The baking camera is used to save and reuse the textures that are assigned to the objects in your scene (e.g., game engines, compositing etc.). Both render times and texture quality will increase as a result. For game engines, texture creation is a crucial technique. The specular, reflection, and other properties of the Baking Camera will be preserved.
In today article, let’s get an overview of Baking Camera in OctaneRender
Get your textures and lighting ready. The UV maps for the Baking Camera must be properly organized with islands that do not overlap, as shown below.
The baking camera has two baking options: bake the entire scene (not advised) or bake each individual object. We want to bake the texture of both the Dog object and the Plane object in the image below. Create a “Octane Object Tag” for each of the two objects and then select the “Object Layer” tab in the Tag window to proceed. For the Dog object, enter “Bake ID” 2 here. The Ground Object’s “Bake ID” should be 3 set. Create an Octane Camera now, then select Camera Tag. Select Baking as the Camera Type.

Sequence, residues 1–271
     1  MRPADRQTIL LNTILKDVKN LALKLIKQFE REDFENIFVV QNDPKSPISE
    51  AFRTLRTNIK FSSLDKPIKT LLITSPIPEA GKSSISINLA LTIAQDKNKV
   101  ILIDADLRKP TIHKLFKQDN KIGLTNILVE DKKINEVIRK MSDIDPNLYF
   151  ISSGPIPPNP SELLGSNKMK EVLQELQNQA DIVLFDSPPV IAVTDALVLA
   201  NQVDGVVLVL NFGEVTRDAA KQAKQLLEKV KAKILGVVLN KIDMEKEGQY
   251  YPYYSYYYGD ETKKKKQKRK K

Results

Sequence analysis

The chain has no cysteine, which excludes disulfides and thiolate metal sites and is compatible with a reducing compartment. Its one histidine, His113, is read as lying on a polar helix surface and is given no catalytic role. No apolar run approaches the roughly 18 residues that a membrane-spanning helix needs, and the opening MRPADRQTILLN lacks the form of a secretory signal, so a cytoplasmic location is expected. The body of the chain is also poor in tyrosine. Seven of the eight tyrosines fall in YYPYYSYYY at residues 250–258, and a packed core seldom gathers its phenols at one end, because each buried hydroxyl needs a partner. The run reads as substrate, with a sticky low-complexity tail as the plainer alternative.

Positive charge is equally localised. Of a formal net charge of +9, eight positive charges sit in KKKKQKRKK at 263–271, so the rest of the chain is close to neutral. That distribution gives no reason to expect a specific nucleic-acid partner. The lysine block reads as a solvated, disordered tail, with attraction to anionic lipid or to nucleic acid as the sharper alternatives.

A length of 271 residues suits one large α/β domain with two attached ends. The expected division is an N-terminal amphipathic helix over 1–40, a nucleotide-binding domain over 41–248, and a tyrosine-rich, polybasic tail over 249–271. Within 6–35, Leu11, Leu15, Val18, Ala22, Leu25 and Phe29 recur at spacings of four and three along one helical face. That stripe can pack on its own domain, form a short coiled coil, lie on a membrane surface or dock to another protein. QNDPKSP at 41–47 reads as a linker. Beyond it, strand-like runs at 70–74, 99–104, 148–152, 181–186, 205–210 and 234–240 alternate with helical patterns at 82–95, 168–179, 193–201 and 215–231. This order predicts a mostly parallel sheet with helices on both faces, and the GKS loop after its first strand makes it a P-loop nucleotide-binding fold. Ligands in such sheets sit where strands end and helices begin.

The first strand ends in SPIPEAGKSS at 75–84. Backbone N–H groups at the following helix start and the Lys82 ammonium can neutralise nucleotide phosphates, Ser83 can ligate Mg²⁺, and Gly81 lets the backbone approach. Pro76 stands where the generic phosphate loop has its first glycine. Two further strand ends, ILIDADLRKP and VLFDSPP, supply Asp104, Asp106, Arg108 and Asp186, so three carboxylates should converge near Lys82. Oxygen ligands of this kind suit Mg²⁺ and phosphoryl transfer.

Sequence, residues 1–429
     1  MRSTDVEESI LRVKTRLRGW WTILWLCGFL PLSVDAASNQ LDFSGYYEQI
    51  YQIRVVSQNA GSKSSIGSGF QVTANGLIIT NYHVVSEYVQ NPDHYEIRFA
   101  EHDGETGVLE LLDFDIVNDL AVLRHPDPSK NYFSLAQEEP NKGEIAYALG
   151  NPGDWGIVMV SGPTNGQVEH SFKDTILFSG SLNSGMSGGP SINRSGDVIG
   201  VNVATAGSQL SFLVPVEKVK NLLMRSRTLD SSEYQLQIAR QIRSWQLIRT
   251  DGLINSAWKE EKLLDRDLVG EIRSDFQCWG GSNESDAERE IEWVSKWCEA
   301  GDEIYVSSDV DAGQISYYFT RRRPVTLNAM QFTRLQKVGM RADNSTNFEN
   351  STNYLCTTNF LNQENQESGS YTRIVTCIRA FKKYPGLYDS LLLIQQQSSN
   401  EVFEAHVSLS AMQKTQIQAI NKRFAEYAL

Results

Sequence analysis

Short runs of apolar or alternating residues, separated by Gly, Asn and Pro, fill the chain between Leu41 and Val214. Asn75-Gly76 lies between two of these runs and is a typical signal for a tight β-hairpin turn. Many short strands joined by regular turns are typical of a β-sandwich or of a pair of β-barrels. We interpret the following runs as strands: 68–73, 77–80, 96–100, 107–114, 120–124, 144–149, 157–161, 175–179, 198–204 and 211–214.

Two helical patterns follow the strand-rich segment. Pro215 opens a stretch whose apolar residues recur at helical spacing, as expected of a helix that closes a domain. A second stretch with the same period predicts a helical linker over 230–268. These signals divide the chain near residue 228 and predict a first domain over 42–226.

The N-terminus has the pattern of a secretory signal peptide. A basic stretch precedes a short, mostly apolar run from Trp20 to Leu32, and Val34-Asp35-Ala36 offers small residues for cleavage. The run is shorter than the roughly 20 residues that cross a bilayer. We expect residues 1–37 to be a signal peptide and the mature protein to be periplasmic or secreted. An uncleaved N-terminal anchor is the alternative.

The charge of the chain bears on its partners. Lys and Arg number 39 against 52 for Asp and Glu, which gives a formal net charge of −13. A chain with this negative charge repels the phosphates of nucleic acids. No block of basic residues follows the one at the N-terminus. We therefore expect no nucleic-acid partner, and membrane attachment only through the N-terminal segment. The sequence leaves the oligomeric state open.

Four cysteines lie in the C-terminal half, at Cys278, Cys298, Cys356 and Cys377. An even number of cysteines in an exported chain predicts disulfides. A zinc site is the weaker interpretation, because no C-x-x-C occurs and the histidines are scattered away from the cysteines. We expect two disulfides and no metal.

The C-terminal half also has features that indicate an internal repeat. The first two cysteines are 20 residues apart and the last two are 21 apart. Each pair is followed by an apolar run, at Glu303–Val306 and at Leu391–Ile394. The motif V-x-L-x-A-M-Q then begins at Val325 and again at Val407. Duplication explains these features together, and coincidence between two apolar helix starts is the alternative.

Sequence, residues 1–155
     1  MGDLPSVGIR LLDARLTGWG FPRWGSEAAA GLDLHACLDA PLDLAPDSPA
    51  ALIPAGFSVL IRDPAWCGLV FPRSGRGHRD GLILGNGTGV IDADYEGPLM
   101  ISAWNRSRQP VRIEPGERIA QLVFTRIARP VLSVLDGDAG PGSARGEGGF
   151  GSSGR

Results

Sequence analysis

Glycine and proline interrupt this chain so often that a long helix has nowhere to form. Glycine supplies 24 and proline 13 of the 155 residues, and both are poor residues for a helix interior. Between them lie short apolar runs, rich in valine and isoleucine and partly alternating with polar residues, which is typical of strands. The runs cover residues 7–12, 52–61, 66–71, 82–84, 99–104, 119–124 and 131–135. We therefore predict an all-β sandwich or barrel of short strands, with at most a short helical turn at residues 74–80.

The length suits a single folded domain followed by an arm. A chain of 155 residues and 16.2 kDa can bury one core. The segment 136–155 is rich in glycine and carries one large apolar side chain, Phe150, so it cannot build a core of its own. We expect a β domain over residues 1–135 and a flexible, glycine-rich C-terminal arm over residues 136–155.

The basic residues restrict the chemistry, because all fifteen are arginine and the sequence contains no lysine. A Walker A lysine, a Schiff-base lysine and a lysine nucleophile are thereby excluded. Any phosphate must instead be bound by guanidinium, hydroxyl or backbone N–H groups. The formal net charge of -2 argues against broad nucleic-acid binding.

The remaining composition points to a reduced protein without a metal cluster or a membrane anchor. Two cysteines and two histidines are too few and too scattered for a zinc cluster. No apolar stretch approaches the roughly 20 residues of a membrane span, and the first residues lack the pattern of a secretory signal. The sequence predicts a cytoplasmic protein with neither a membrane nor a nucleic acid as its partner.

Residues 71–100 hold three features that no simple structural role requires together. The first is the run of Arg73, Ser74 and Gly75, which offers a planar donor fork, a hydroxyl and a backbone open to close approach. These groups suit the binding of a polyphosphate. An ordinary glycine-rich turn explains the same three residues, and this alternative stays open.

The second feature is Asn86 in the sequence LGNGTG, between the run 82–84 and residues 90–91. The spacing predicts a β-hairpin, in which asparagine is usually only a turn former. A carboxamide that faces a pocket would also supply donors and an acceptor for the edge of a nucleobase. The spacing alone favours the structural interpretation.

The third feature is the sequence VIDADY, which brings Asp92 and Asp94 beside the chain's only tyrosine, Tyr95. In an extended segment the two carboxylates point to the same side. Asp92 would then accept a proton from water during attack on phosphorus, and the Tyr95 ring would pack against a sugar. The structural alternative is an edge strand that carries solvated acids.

Activate Live Viewer. You’ll get the outcome shown in the image below if the “Bake Group IDs” setting is set as previously mentioned in the Octane Camera Tag / Baking options. These baked textures can be saved and used again, for instance in Unity or Unreal Engine.
Baking Group ID
Names the group ID that should be baked. Every object automatically belongs to baking group number 1, which is the default. The default value for the bake ID of the entire scene is 1, and the entire scene will be baked if you do not define it for each object in the scene using the Octane Object tag / Object layer menu.
This establishes the UV coordinates to be applied during baking. If your object contains more than one UV map, you can change it here and use the appropriate UV map.
The directions of the camera are reversed if checked.
This is how many extra pixels were added to the UV map’s edges. It specifies the padding size in pixels. The minimum and maximum padding sizes are 0 and 16 respectively, with the default padding size set at 4 pixels.
Edge Noise Tolerance
It is possible to specify an edge noise tolerance, which helps get rid of hot pixels that appear close to UV edges. Hot pixels are not removed at values close to 1, while those close to 0 make an effort to do so.
This is the bounding region’s size in UV space for baking.
The position for baking “position-dependent” artifacts is used when the setting is enabled. For “position-dependent” artifacts, such as reflections, etc., position is the camera position. Whether to bake back-facing geometry is determined by back-face culling.
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